Regulatory Policy Committee (UK) Chairman on Independent Scrutiny and the Better Regulation Framework

The UK Regulatory Policy Committee Chairman, Stephen Gibson, commented on the relevance of the independent scrutiny and on the current Better Regulation Framework (BRF).

This, following his reflections on the Taskforce on Innovation, Growth and Regulatory reform independent report and on the exemptions to the Better Regulation Framework and how they might change.

The note displays as the BRF has been developed to ensure an evidence-based decision approach and the consideration of costs and benefits while introducing new regulations.

It is highlighted the value of independent scrutiny. The Regulatory Policy Committee (RPC) job is also to provide independent scrutiny during the introduction of new regulations and is of first-rate importance to improve the Government’s decisions and overall transparency.

Indeed, it is specified that such support brings an independent analytical perspective to the process and to maintain the focus on the impact and potential consequences of regulations on those truly affected by them.

Moreover, the independent scrutiny allows actual accountability and transparency and facilitates the communication and sharing of best practices across the government. All this, giving reassurance to Parliament and external stakeholders on how the process is being handled.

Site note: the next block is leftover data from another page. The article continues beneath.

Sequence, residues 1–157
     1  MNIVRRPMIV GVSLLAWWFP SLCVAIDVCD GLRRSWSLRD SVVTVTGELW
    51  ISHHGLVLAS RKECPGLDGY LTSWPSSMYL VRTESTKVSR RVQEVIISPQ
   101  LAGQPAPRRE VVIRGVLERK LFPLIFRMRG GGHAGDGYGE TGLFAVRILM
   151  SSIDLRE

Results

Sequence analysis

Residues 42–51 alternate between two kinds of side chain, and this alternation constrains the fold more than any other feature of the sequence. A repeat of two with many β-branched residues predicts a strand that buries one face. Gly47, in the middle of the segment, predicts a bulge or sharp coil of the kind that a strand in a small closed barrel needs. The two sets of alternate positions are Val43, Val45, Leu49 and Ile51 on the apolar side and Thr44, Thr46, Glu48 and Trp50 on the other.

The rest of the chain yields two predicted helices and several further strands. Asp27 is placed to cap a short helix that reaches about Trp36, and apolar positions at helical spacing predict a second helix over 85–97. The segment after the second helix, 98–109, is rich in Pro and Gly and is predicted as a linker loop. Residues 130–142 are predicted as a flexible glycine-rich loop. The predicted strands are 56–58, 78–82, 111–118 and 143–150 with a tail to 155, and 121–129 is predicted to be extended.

Following such introduction, the note focuses on the currently open consultation on “Reforming the framework for better regulation”, closing on 1 October 2021.

The RPC welcomes the consultation and explains why independent scrutiny should remain central in the system due to its effective contribution to the process.

Actually, the RPC represents as it should have even more space and opportunities to contribute. 

As previously stated, the Committee expresses as the independent scrutiny of impact assessment should happen earlier in the decision-making process:

  • Prior to consultation;
  • Before Parliamentary approval;
  • Post-implementation.

Concerning the first one, the outcome would consist of a timelier consideration of options and an external input to ensure that the consultation stage solicits the best evidence on impacts.

Thus, to assess policy options and understand if regulation is actually needed before commencing the process.

Regarding the scrutiny before parliamentary approval, it is displayed as the analysis of the estimated costs of the impact assessment should be continued and with a greater transparency on the costs, by also using data collected and published post-implementation. Thus, with the aim of confirming and monitor the estimated costs.
Moreover, the RPC should also have the chance to “red rate” on what data and evidence will be collected to monitor and to evaluate the impact of a regulation. The latter to ensure that policies can be effectively reviewed following their implementation.

On the third point, the scrutiny post-implementation would be crucial to understand if the regulation introduced is working and if and how it should be amended.

Lastly, the RPC represents as the above-presented proposals do not require a radical reform and they would be crucial for a more effective support to the Government’s objectives. Thus, not the opposite to the goal of a regulatory process more streamlined.








Luca Megale
is a PhD Student at LUMSA University of Rome 

and tutor of the European Master in Law and Economics - EMLE (Rome term).